What causes restlessness and agitation?

If the person you’re caring for is feeling restless and agitated you could find it really challenging to cope with. But there’s often a reason for this behaviour. Find out what could be causing it…

What are the causes of restlessness?

Restless behaviour can take different forms, including fidgeting, pacing, agitation and sundowning. When you think about it, it’s not surprising; if you’ve spent your whole life doing certain activities (such as working, travelling, looking after children etc) then find you can’t do them anymore, you’re bound to become restless!

Other reasons for restlessness can include:

- Communication problems – they might be trying to tell you something but the dementia has made talking difficult.
- Anxiety – they may feel unsafe or unsure about a certain situation
- Boredom – if they’ve not got much to do all day, they could end up getting bored and restless.
- Hunger, thirst or needing the toilet – they’ve got a basic need such as this, it’s no wonder they’ll be feeling restless and trying to sort it out
- Pain, discomfort or a medical problem – joint pain, toothache, constipation or a urinary tract infection (UTI).

What can you do about restlessness?

Depending on the form or symptoms of restlessness, it can be very difficult and tiring for carers. If the restlessness is appearing mainly at the end of the day as sundowning, it can be tough after a long day. If the restlessness is actually occurring in the middle of the night, and waking everyone up, it can be absolutely exhausting.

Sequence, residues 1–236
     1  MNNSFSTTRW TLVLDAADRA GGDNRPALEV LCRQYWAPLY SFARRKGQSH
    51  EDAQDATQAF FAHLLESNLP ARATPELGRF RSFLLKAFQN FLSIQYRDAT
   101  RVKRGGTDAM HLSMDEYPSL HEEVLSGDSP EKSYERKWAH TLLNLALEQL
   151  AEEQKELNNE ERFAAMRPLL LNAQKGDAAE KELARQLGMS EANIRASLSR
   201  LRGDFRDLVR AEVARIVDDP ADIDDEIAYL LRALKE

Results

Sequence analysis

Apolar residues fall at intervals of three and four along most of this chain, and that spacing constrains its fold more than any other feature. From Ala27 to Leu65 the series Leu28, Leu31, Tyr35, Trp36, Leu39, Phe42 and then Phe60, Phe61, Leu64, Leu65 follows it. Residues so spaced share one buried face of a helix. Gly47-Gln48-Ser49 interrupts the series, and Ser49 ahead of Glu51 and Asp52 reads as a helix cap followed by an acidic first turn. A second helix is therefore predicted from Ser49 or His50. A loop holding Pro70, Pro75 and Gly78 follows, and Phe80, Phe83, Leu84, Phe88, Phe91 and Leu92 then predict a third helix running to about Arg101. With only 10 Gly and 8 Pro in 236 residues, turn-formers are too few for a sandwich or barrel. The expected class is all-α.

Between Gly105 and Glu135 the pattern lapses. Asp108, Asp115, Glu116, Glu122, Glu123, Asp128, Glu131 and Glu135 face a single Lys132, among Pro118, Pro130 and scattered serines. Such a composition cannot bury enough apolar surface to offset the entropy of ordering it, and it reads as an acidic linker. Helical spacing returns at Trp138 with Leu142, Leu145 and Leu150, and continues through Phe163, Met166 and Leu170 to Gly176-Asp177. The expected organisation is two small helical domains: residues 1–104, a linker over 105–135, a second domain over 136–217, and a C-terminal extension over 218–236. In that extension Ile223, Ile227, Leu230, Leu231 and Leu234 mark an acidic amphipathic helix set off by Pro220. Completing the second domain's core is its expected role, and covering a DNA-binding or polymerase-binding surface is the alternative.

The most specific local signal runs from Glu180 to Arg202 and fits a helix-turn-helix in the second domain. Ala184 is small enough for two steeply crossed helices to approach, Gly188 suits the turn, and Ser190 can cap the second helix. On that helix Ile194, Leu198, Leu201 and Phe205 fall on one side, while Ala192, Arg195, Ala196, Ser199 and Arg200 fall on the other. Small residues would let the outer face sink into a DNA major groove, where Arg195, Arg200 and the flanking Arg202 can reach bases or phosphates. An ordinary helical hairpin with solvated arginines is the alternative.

If you’re struggling, try some of these…

Get a health check-up

If the restlessness is being caused by an underlying health problem, this should be picked up by a doctor, so organise a trip to the GP for a check-up.

Ensure regular meal times

Someone with dementia may forget to eat or drink, so if you think their restlessness is being caused by hunger or thirst, make sure they have easy access to food or drink, and remind them to make use of them. You may need to set up a mechanical reminder if they struggle to remember.

Set up a daily routine

It’s a good idea to put a daily care plan in place for someone with dementia. Providing structure to their day will ensure they know what to expect and when that might be.

Provide activities

As part of the daily care plan, make sure you include different hobbies and activities to keep the person you’re caring for stimulated and engaged. It could be listening to old music, playing a board game, doing some gardening or even daily chores such as housework.

Get out and about

Burning off excess energy will help to reduce the risk of restlessness – whether that’s a daily walk or even seated exercises.

Check for continence issues

Whether or not they use incontinence products, it’s worth checking if they need to have pads changed or just use the toilet.

Occupy their hands

If the restlessness takes the form of fidgety hands, giving them something to keep their hands busy could help. Soft toys and dolls are popular, but you can also buy soft ‘fiddle muff’ that have zips and ties to play with, a ‘rummage box’ full of buttons or other items which they can sort or handle.

Remember, if the restlessness is taking the form of wandering, sundowning or sleep problems, there’s also plenty you can do.